UK study says men from poor backgrounds are twice as likely to be single in their early 40s
London,August11:Men from poor backgrounds are twice as likely to be single in their early 40s than those from rich families, research suggests.
The Institute for Fiscal Studies (IFS) also found this group were likely to earn less and marry women with lower incomes.
It said the trends made poverty more likely to continue from one generation to the next and reduce social mobility.
The government said it wanted to “build an economy that works for everyone”.
Since coming to power, Prime Minister Theresa May has promised to do more for families who are “just about managing”.
Among other things, she has said it is vital to tackle the shorter life expectancy for those born poor, and the lower chances of white working class boys going to university.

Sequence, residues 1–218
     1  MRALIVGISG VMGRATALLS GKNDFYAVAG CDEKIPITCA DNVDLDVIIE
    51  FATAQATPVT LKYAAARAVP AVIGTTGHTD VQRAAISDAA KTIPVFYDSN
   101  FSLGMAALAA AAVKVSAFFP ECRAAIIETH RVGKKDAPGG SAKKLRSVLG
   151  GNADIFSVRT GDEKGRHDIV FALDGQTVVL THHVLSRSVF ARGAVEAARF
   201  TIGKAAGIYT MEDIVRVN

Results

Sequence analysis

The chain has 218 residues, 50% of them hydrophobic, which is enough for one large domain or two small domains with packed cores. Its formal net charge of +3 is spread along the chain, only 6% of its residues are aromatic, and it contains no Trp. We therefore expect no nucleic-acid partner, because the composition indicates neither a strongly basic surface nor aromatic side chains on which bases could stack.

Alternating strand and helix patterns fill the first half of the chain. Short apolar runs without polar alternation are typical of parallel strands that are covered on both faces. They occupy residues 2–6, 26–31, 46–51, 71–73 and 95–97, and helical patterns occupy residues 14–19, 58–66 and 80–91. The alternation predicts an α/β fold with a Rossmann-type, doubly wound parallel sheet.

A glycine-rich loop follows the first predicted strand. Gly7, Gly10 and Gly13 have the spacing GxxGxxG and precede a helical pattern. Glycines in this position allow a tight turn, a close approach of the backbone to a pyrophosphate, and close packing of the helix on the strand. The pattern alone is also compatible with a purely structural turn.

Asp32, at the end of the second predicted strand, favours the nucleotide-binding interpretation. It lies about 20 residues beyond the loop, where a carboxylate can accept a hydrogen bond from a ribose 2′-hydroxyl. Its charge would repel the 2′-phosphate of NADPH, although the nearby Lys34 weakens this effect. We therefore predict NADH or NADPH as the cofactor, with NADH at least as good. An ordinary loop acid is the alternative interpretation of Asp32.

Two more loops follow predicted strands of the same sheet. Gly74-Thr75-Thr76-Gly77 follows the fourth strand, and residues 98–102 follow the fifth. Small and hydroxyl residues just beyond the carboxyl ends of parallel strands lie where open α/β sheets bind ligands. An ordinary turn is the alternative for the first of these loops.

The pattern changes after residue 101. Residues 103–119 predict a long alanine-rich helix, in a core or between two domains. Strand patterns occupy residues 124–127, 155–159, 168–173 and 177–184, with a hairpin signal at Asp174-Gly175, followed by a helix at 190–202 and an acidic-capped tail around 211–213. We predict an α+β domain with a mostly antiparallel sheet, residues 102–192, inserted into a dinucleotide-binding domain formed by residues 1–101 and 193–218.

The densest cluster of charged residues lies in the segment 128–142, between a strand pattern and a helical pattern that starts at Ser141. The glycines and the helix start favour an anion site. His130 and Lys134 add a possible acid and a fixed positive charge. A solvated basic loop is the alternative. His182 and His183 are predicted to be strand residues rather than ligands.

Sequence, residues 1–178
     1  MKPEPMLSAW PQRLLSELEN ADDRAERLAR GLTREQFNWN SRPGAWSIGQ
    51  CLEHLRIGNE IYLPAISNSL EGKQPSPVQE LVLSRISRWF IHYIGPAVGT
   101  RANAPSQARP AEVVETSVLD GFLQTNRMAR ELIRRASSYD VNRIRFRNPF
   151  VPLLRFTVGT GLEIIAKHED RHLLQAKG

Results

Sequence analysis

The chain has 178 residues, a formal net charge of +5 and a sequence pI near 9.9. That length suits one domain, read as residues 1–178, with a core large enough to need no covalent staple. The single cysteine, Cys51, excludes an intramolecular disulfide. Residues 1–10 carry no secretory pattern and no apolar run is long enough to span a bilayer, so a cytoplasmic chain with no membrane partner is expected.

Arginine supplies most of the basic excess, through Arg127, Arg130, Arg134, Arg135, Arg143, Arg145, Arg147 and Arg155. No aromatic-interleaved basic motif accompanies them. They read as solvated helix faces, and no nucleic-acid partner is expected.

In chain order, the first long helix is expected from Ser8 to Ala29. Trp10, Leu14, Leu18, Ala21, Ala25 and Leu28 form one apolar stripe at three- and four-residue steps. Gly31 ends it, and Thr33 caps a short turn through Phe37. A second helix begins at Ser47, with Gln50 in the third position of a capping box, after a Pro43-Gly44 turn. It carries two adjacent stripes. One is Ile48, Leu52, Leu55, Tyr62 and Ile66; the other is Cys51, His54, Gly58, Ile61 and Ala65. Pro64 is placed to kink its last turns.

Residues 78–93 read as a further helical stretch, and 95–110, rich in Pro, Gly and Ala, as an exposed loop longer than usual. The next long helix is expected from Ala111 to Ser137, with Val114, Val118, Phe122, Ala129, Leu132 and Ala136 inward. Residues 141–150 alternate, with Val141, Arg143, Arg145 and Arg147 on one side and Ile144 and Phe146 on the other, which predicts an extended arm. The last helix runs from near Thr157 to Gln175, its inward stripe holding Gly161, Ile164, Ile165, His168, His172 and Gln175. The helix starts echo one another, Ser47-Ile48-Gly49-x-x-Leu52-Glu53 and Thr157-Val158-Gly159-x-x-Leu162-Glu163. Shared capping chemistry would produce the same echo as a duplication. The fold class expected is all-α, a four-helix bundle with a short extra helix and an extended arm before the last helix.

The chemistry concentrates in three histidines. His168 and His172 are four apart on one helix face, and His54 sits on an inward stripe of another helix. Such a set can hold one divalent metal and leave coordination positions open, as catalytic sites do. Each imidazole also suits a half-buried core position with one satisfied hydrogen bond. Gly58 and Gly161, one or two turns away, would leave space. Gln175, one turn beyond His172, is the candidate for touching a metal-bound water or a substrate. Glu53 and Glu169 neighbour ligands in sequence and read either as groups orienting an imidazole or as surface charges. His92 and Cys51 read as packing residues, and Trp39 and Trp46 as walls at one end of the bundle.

However, with price increases outstripping wages since the Brexit vote, many workers are getting poorer on average in real terms.
Moreover, average real wages in the UK are still lower than they were before the financial crisis 10 years ago.
The IFS based its findings on the most recent long-term study available, which surveyed people born in 1970 and followed them as they got older.
It found that more than a third of men aged 42 from the poorest fifth of families did not live with a partner in 2012. That compared with only a seventh from high-income backgrounds.
It said men from disadvantaged backgrounds experienced lower rates of marriage and higher rates of divorce.